How Solar Panels Work

Photovoltaic, or PV for short, refers to the production of energy generated from sunlight. The term originates from the words photon and volt. Photovoltaic materials, generally silicon, produce a direct current (DC, the source of the “volts”) when struck by sunlight (the “photons”). The silicon is used in a series of cells and these cells are assembled together in each solar panel. Thus a series of solar panels (called an array) can produce a continuous stream of direct current. In most applications, this output is converted to alternating current (AC) either at each panel or cumulatively at a converter. The AC output can then be used as a direct source of energy for a home or backfed to the utility grid.

Supplying the Electrical Grid

A typical installation utilizes a Net Energy Meter (NEM) that records whether electricity is being drawn from the grid or supplied to the grid. This eliminates the need for battery storage; in effect, the utility company is the “battery,” using excess power generated by the customer and paying them a portion of the proceeds. You are only charged for the difference (net), between what you use and what your system produces in electricity. During many summer months, you will produce more than you use and receive credits from the utility company. Think of your excess electricity as money in the bank!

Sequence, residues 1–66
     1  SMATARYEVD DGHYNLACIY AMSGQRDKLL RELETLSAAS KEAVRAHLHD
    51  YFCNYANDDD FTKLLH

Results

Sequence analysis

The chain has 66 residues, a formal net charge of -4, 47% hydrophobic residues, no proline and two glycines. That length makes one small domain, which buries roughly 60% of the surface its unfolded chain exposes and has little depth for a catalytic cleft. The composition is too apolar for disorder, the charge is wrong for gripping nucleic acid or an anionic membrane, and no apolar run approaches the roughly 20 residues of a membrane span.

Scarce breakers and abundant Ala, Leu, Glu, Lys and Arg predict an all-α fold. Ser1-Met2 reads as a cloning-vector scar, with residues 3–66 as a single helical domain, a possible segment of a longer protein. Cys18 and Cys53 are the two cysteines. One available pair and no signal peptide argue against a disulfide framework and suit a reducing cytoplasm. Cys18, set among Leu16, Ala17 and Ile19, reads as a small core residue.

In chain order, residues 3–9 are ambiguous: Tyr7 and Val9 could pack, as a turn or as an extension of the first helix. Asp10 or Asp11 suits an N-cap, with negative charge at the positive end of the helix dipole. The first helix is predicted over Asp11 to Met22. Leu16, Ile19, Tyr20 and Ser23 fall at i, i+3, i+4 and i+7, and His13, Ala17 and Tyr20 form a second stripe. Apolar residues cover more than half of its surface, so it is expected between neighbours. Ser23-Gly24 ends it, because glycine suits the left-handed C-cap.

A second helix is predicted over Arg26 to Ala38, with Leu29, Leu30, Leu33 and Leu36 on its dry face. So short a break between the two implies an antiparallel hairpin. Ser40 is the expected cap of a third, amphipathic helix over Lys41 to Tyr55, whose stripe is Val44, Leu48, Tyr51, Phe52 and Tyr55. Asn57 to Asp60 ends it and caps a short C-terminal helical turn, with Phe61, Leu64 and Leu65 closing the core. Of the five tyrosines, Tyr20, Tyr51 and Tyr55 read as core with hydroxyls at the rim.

Solaron employees are experts at designing systems that are just right for you and your usage patterns. The goal is to supply as much electricity as possible, given the space available on your property. You can also set other standards for Solaron in the design phase, such as applying a maximum budget, targeting a specific reduction in your utility bill, or choosing how much extra capacity you want built in for future needs (such as an increase in family size or a purchase of an electric car).

To find out more about how your household would fit in with Northern California’s solar future, contact Solaron online or at 916-631-9293 today!

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